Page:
China painting is a popular hobby in the United States and Europe, and is gradually gaining followers over here as well. A characteristic of porcelain art is the paints used -- made by mixing powdered minerals such as iron, copper, uranium and so on.

Sun Art Studio, now exhibiting the work of seven of its instructors and graduating students, is one of the leading institutions of china painting in Japan. The usual course takes about six years, after which you are certified to teach at the studio.

"The world of porcelain painting is profound, because you can make all sorts of dishes, from modern to antique," says Shizuko Wakikawa, one of the teachers.

Wakikawa's first encounter with porcelain painting came during her stay in Germany, the home of Meissen porcelain. At first, she only collected the tableware, but her fascination led her to try her hand at porcelain painting.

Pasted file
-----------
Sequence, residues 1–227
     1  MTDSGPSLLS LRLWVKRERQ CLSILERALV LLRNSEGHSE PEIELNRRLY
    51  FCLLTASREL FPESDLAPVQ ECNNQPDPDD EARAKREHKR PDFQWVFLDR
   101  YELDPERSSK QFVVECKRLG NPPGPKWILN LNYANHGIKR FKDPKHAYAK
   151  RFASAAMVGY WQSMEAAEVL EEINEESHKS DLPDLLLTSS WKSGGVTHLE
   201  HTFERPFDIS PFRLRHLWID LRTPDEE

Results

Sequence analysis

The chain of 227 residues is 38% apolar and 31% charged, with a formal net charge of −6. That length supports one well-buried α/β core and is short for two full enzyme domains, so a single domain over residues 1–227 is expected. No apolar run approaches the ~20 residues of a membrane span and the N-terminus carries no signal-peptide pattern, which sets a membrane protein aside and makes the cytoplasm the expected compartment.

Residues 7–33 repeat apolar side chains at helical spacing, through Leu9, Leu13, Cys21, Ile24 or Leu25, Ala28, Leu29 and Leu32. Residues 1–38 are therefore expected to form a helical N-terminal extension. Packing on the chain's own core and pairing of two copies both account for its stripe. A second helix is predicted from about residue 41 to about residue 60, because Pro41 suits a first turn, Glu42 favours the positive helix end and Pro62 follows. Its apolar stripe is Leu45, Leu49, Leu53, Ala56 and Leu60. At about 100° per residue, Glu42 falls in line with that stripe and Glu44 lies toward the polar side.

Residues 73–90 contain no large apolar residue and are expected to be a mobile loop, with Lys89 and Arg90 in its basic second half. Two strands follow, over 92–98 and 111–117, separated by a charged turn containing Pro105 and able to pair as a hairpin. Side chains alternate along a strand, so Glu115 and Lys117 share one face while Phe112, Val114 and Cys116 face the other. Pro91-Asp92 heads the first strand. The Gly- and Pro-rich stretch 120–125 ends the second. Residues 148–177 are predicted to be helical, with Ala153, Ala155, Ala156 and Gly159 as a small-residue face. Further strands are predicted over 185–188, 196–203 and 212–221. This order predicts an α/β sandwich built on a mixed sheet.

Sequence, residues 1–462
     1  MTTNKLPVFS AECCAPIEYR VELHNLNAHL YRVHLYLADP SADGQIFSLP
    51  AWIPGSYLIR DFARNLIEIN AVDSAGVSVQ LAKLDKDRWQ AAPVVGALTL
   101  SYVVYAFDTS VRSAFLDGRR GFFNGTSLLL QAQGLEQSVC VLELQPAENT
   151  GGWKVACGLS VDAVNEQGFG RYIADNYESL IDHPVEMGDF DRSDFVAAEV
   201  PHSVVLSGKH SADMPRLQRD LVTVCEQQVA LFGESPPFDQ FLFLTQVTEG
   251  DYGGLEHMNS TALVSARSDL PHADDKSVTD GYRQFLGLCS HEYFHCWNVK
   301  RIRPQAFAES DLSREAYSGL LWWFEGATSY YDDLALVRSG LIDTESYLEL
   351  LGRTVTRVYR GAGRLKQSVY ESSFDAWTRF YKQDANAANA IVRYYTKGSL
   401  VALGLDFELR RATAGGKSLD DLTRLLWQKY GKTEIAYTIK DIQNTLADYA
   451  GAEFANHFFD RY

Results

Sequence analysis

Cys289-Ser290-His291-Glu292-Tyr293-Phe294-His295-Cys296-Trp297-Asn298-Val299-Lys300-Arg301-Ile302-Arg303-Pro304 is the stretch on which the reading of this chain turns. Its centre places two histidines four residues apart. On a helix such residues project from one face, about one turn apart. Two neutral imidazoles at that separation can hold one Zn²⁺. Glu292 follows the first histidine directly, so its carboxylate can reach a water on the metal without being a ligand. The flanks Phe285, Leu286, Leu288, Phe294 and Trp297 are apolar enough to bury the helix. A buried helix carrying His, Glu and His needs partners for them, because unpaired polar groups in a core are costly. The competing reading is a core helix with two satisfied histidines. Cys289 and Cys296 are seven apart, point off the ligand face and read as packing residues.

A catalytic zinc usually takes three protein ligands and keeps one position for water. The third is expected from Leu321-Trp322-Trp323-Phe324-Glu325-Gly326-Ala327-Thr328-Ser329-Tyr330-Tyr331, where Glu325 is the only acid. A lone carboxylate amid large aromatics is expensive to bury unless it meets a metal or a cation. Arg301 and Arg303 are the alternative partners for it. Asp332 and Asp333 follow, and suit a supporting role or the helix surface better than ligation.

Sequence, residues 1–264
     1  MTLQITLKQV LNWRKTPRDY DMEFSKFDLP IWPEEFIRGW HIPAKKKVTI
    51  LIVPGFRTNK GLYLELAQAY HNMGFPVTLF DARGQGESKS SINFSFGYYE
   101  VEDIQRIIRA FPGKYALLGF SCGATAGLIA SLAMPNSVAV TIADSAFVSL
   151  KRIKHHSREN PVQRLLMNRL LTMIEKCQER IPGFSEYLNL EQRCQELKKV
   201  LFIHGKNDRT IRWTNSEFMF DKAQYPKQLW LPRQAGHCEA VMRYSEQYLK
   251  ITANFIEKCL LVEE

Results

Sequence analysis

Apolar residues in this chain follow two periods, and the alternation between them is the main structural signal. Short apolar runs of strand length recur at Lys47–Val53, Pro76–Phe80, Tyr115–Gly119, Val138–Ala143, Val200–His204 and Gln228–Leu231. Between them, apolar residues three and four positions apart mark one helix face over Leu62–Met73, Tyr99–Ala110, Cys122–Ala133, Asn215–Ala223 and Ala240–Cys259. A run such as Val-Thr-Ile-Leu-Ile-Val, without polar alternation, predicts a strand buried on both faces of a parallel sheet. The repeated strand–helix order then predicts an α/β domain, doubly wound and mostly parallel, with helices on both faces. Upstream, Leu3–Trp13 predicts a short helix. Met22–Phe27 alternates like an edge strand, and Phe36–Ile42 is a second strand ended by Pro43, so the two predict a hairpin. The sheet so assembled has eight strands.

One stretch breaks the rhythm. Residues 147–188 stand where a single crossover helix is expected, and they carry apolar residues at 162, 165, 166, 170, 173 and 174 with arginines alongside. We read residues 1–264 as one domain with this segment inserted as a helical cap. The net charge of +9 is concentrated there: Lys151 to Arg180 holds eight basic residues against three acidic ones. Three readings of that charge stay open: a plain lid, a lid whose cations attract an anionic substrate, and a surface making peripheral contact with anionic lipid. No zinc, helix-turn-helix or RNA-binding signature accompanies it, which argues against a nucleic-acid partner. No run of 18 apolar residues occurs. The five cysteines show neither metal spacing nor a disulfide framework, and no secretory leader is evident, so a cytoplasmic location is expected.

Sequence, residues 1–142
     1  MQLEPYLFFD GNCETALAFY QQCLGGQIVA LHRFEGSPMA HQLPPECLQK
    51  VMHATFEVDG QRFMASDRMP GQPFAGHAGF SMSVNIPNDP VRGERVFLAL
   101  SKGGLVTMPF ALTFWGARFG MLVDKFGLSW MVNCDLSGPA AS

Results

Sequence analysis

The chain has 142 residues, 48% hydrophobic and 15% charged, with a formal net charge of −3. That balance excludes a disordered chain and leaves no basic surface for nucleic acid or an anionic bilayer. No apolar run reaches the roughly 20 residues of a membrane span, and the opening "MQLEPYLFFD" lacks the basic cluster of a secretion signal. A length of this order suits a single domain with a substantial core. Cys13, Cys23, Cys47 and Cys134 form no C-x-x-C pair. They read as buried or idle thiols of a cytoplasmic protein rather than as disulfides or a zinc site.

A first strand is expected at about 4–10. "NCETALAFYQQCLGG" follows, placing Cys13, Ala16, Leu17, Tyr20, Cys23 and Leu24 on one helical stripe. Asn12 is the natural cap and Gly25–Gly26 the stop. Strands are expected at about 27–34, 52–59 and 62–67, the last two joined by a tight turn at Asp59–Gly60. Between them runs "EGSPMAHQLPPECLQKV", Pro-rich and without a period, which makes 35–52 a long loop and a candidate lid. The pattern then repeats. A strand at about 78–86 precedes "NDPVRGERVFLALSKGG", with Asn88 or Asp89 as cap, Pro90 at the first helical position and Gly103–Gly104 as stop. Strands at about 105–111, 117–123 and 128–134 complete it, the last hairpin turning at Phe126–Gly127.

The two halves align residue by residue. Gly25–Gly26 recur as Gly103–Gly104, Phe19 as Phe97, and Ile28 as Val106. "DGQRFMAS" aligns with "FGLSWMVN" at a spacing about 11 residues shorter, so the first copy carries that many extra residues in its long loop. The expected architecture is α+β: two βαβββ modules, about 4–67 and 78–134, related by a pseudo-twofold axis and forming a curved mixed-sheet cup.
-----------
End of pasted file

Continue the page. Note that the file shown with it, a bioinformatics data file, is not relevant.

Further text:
"They make wonderful presents," she says. "It may take a lot of time and effort, but seeing the look on my friend's face is worth it."

The items displayed range from tea sets to pill cases, all hand-painted. Included are the works of Eiko Toyoda, the school's chief instructor.